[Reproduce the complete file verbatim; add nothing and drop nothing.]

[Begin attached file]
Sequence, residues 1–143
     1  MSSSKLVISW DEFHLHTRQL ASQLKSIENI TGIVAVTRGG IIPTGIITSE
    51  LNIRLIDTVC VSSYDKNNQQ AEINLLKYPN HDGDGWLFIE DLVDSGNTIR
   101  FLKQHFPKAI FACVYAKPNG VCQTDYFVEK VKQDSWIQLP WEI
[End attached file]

Sequence, residues 1–143
     1  MSSSKLVISW DEFHLHTRQL ASQLKSIENI TGIVAVTRGG IIPTGIITSE
    51  LNIRLIDTVC VSSYDKNNQQ AEINLLKYPN HDGDGWLFIE DLVDSGNTIR
   101  FLKQHFPKAI FACVYAKPNG VCQTDYFVEK VKQDSWIQLP WEI